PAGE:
Me?  Not so much.  I never got the genes that give me the desire to can.  I go to the store and buy it but I admire those who do can.  My son, bless his heart, is one of those people.  He's only 27 but has been canning for years--pickles, fish, clams, pickled beans and mushrooms.  HE got the genes!  (Maybe they skip a generation....) 

And my husband loves to can as well, so maybe it's turned into a male thing!  He mostly cans fish but branched out to rhubarb salsa this weekend.  And it was good! 

"We" canned 29 jars of salsa and already ate three.  One batch turned out a little runnier but we drank it down like wine! 

If you have an abundance of rhubarb, this is a great way to use some of it. 

My rhubarb has expired for the year, but if you want to be put on a list to have rhubarb shipped to you next season, let me know!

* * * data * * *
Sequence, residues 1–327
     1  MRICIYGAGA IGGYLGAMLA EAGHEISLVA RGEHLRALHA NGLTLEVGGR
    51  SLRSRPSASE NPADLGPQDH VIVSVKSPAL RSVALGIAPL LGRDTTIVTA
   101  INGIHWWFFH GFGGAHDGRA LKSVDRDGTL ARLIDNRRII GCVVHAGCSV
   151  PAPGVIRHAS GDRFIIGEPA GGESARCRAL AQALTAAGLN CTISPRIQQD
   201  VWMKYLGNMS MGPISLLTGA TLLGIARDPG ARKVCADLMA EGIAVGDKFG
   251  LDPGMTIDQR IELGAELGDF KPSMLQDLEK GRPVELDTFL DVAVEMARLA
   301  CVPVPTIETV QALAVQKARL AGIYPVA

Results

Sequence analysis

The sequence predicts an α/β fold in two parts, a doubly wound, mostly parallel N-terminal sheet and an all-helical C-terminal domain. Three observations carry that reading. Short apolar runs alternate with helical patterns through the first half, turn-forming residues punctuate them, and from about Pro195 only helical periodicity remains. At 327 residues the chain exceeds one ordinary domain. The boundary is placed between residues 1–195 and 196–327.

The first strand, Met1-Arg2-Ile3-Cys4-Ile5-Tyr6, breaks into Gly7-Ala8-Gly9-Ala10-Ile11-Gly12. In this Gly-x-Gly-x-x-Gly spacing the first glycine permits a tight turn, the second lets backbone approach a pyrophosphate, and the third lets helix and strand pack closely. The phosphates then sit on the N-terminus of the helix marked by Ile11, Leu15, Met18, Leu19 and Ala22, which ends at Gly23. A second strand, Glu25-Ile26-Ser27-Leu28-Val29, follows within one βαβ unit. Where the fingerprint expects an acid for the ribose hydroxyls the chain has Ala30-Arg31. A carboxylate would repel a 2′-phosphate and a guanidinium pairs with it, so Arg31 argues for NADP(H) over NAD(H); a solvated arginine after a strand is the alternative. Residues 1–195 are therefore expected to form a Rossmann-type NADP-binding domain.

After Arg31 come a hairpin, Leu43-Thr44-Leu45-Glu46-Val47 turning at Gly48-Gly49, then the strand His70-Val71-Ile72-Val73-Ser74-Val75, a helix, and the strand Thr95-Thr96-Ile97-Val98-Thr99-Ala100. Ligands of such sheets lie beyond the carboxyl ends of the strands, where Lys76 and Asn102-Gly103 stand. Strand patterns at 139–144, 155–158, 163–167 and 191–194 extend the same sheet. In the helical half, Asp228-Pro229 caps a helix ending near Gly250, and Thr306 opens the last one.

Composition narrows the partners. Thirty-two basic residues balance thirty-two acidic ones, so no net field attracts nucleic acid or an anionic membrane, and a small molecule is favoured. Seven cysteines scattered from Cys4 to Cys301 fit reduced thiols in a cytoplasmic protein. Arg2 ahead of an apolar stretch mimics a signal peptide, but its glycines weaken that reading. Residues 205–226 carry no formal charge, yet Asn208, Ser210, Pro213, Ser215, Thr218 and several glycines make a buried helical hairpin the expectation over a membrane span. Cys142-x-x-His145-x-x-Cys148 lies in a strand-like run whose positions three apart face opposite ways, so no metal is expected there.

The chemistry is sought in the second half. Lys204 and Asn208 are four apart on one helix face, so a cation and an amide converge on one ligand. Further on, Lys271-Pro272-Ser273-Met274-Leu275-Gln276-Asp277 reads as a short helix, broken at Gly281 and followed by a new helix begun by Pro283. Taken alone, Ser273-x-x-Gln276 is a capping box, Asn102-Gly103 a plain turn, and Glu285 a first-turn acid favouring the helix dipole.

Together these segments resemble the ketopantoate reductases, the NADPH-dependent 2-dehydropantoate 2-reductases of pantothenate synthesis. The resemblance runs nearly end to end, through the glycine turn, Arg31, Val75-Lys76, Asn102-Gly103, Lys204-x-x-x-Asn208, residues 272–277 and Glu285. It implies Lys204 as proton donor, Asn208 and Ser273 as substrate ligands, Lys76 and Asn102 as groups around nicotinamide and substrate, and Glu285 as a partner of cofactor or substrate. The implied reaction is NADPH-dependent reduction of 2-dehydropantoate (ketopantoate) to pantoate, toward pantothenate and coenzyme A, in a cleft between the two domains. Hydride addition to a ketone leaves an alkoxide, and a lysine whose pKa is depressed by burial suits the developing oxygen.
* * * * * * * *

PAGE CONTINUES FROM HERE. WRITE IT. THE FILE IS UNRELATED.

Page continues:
Rhubarb Salsa

3 cups chopped tomatoes
2 cups chopped rhubarb
1 cup chopped tomatillos
1 cup chopped yellow onion
1/2 cup chopped chile peppers (a combo of habernero, yellow, spicy, anaheim)
1 tbs garlic paste
1/2 cup brown sugar
2 tbs cilantro
2 tbs ground cumin
1/2 tsp salt
1/2 cup white vinegar
1/2 cup lime (fresh) juice

Wash and sterilize your jars.
Combine all ingredients in a large sauce pot. 
Bring mixture to a boil
Reduce heat and simmer 10 minutes.
Ladle hot sauce into hot jars, leaving 1/4 inch head space.
Adjust two piece caps.
Process 15 minutes in a boiling water bath canner.

(My husband used two anaheim and two habernero and it was a mild sauce.)

Enjoy!  Nancy

Tuesday, August 2, 2011

Berry Picking

I've been thinking about becoming more self-sufficient with the food we eat.  We grow a small garden on our back deck--lettuce greens, swiss chard, tomatoes, herbs, celery, etc.  Simple things.  But lately I'm been thinking we need to do more.  We need to be more self-sufficient.  We need to be more in charge of what's going into our bodies.